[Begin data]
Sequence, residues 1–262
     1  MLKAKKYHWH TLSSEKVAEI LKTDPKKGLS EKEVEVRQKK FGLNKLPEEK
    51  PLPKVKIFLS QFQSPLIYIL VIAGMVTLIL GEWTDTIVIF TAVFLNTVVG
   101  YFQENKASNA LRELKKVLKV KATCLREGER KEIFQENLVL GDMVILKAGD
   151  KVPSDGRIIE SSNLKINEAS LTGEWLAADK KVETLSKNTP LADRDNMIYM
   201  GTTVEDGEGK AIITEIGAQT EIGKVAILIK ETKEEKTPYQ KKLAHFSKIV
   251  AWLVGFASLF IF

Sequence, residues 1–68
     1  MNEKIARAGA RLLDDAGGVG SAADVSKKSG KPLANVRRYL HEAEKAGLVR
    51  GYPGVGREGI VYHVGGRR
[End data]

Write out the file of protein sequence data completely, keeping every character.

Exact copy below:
Sequence, residues 1–262
     1  MLKAKKYHWH TLSSEKVAEI LKTDPKKGLS EKEVEVRQKK FGLNKLPEEK
    51  PLPKVKIFLS QFQSPLIYIL VIAGMVTLIL GEWTDTIVIF TAVFLNTVVG
   101  YFQENKASNA LRELKKVLKV KATCLREGER KEIFQENLVL GDMVILKAGD
   151  KVPSDGRIIE SSNLKINEAS LTGEWLAADK KVETLSKNTP LADRDNMIYM
   201  GTTVEDGEGK AIITEIGAQT EIGKVAILIK ETKEEKTPYQ KKLAHFSKIV
   251  AWLVGFASLF IF

Sequence, residues 1–68
     1  MNEKIARAGA RLLDDAGGVG SAADVSKKSG KPLANVRRYL HEAEKAGLVR
    51  GYPGVGREGI VYHVGGRR